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VOC Member
The magneto with the Coils is the resistance of the ATD unit.The resistance and the springs are in something like a balance.The resistance of the magneto wants to Retard the Timing. I hope you understand what I mean.Regards Erik
 

Martyn Goodwin

Well Known and Active Website User
VOC Member
The magneto with the Coils is the resistance of the ATD unit.The resistance and the springs are in something like a balance.The resistance of the magneto wants to Retard the Timing. I hope you understand what I mean.Regards Erik
HI Eric,, yes I do understand. The issue is that until the motor get really warm the springs can overcome the magnetic resistance. BUT once really warm they seem unable to do so.

My remark about the 'tits' being worn down is more around the friction between the base plate of the ATD and the bob weights when the springs try to retract them.
 

Sakura

Well Known and Active Website User
VOC Member
A theory that may well be incorrect! A hot engine has less drag than a cold engine. Are you setting the tickover speed too slow with the engine cold? Have you tried setting the tickover lower when hot, which may mean it won't tickover on its own when cold?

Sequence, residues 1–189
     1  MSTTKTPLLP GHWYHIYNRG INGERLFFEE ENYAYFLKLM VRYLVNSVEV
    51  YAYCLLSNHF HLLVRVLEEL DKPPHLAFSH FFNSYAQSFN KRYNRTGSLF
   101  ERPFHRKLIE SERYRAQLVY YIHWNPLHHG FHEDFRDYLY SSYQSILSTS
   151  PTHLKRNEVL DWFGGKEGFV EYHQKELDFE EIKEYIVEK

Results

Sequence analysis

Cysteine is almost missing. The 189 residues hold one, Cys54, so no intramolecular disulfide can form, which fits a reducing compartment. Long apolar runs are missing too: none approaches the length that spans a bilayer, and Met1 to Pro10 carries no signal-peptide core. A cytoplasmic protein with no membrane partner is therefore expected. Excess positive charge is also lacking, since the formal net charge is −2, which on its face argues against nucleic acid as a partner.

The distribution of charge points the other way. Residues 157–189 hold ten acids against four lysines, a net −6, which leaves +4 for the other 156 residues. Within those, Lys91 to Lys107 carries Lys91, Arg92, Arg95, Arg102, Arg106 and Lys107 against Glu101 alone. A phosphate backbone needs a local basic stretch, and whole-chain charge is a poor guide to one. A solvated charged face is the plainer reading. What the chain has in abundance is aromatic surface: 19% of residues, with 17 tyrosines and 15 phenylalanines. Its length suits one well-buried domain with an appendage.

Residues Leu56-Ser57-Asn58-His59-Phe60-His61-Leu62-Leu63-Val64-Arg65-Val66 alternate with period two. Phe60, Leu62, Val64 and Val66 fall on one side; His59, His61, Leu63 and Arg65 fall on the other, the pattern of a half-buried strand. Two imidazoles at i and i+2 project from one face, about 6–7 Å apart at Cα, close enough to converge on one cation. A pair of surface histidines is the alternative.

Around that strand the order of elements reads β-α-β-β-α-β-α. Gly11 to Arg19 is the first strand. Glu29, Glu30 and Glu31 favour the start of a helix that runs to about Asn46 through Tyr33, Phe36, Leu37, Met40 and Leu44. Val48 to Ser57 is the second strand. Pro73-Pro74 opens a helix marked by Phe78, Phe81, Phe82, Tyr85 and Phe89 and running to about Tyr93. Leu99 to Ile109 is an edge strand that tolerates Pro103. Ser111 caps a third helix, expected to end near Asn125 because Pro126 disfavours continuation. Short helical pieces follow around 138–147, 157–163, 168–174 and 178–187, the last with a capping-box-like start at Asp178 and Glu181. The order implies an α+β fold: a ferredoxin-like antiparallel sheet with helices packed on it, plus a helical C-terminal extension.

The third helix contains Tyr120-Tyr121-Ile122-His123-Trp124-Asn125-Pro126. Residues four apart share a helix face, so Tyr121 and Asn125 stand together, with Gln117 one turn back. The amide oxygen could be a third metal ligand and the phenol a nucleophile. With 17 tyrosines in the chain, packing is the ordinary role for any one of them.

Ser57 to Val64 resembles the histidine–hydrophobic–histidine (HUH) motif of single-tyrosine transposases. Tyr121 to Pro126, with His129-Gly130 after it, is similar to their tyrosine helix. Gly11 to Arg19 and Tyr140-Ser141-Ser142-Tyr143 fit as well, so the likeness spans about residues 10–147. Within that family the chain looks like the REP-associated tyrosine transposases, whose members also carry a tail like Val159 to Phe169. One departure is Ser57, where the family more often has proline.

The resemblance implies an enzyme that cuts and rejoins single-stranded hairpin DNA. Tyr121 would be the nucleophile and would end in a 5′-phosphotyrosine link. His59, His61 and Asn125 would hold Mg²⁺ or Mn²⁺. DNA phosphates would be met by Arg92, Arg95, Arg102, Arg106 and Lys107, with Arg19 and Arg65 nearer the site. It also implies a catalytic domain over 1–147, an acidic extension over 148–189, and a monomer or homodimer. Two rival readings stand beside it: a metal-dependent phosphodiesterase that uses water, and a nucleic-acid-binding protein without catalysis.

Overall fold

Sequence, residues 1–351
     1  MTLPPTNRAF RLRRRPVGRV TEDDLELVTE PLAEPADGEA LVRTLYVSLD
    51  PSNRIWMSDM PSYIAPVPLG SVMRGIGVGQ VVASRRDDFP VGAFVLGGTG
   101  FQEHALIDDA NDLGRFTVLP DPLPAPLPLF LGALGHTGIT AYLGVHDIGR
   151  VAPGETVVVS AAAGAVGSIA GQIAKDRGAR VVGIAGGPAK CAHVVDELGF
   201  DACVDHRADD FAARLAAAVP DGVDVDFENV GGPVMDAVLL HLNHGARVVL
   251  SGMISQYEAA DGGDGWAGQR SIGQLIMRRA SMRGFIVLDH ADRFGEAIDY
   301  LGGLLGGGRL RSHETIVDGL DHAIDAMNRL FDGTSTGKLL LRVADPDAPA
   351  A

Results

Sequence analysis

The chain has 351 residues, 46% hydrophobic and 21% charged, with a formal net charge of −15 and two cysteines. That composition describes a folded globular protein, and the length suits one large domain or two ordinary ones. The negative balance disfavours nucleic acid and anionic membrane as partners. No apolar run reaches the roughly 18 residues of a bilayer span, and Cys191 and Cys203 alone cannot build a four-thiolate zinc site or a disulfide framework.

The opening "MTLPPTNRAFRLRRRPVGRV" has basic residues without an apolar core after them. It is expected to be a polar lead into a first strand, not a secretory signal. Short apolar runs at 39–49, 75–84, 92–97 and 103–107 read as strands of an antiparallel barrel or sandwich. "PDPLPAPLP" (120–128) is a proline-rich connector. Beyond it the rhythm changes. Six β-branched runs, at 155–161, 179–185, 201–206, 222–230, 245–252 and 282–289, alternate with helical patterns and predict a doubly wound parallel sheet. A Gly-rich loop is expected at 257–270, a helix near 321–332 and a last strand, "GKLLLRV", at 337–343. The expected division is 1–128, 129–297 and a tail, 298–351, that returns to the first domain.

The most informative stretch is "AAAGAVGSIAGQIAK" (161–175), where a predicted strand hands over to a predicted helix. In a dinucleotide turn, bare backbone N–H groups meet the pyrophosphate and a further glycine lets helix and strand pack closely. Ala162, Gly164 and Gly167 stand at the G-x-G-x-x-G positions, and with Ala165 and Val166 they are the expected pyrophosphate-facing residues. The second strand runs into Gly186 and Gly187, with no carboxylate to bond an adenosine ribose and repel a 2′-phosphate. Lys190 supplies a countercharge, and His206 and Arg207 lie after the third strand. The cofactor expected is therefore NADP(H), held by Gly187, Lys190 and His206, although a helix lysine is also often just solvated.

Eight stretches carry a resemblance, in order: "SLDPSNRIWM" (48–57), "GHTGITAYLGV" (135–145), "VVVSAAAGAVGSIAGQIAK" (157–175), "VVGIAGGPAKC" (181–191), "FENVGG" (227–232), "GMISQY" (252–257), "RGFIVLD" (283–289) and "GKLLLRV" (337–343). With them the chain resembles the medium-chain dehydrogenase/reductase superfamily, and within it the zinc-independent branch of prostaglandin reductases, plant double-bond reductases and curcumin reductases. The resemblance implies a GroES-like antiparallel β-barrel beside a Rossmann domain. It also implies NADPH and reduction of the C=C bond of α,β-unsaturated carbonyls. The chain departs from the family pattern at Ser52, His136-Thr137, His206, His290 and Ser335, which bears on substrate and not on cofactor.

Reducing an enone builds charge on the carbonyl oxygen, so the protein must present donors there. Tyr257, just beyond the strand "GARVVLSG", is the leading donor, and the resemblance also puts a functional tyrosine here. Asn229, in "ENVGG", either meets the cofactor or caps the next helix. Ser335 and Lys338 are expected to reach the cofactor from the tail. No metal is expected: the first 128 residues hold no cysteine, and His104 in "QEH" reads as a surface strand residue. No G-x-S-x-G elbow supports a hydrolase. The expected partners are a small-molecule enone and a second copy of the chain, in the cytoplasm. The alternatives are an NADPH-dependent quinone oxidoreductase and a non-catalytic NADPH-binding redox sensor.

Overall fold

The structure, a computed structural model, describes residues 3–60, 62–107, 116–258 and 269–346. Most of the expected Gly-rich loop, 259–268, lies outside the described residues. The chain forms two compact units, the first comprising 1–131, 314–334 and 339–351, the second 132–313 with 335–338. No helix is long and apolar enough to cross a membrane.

Bobv07662

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VOC Member
Martyn, I have a similar situation with my Rapide but as some here have discovered, it's not the ATD, but a carb issue. When cold or not fully warmed up all is well. When fully warmed up I get a slightly higher idle speed. I determined it to be slide and bore wear in my original rear carb. When it "hangs up" ( about 100 rpm) I can return the idle to normal by just touching the slide with a finger while the bike is at the faster idle. It immediately drops the idle speed back to normal. Not a huge issue for the limited use I give the bike. Someday I'll look at a new set of Amals.
Hope this is of some help.
 

Martyn Goodwin

Well Known and Active Website User
VOC Member
Martyn, I have a similar situation with my Rapide but as some here have discovered, it's not the ATD, but a carb issue. When cold or not fully warmed up all is well. When fully warmed up I get a slightly higher idle speed. I determined it to be slide and bore wear in my original rear carb. When it "hangs up" ( about 100 rpm) I can return the idle to normal by just touching the slide with a finger while the bike is at the faster idle. It immediately drops the idle speed back to normal. Not a huge issue for the limited use I give the bike. Someday I'll look at a new set of Amals.
Hope this is of some help.
Hi Bob,

I will remove the air filter then give that a try. My Mk1 Premier has been in use for over 40,000 miles.

btw I have checked the cable and there is some slack in it and, with the motor not running I can hear a definite 'clack' as the slide hits bottom with throttle closure